RICHMOND, Va. –
When he’s asked what is the Virginia National Guard’s most prized historic artifact, command historian Al Barnes’ answer may illicit some surprise. It’s not a weapon or a uniform, and it’s not patch or a photo.
Instead, Barnes calls a 1940 Virginia National Guard mobilization roster a “pearl without price.”
The hefty, green manifest contains the name and service number of every Guard soldier activated by President Franklin D. Roosevelt in 1940. Barnes calls the historic resource invaluable, and rare to boot.
He gestured at the other historic documents surrounding his desk at the Virginia National Guard’s Joint Force Headquarters.
“If this building ever catches on fire, I’m leaving this stuff and I’m taking this roster, because nothing else we have, that I know of, has the same value,” said Barnes. “This is the only copy I’ve ever seen anywhere.”
The time-worn rosters contained inside are organized unit by unit, and include every Soldier mobilized from the Virginia National Guard’s 116th Infantry Regiment, 111th Field Artillery Regiment and 176th Infantry Regiment.
“Every guy is in here, plus his service number, which is important because with that, we can look them up in the National Archives,” said Barnes.
Today, the roster serves one main purpose: It provides historians the opportunity to verify or disprove service for anyone who was purportedly in the Virginia National Guard during World War II.
“Because they’re stamped with a true date and time we can say if your grandfather isn’t in here, he didn’t get mobilized in 1940, no matter what he told you,” said Barnes.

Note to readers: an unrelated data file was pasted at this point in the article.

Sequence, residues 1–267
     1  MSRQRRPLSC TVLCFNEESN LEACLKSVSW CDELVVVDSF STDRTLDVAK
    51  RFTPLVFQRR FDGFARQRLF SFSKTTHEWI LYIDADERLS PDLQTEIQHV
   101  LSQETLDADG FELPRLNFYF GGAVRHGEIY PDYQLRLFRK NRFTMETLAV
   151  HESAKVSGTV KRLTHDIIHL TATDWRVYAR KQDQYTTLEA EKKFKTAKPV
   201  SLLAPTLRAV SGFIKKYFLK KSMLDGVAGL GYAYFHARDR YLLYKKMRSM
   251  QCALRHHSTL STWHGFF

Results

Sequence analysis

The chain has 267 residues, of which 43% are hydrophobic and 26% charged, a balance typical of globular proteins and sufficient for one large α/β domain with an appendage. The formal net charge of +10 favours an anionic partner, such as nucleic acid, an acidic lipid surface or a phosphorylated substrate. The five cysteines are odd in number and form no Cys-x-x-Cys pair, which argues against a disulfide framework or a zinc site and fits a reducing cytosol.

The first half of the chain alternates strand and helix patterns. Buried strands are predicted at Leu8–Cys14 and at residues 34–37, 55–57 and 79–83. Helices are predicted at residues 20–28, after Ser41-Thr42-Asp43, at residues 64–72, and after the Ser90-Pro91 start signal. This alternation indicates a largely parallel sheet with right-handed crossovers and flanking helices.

There are some historic military figures included on the roster, including a Pfc. John R. Slaughter. He’s better known as Sgt. Bob Slaughter, a soldier with the 116th who fought at Omaha Beach in Normandy, France, and later led the charge to bring the National D-Day Memorial to Bedford, Va.
Also included is the 116th’s Tech. Sgt. Frank Peregory, the Virginia National Guard’s only Medal of Honor recipient during World War II.
“We used this to validate the spelling of his name, because there was a controversy. Was it Peregory or Peregoy?” explained Barnes.
Barnes hopes to eventually be able to make the records contained in the roster even more valuable.
“We’ve been trying to get it digitized. Our goal is to put all of this online,” said Barnes.
The idea is for anyone who wants to verify a family member’s service to be able to look it up themselves via the internet. Until then, Barnes is encouraging families to come to him with their inquiries, and he can use the mobilization roster to help them.
He also hopes to get something from them in return.
“If you think your grandfather or great-uncle was mobilized, let us know,” said Barnes. “We’ll check it out for you, and in return, can you share a picture? What can you tell us, so we can add on to this?
“It’s so sad, we have better records for World War I guys than we do for these guys. Then we’ve got nothing for guys who served in the ‘60s and ‘70s. Nobody thought it was important to keep.”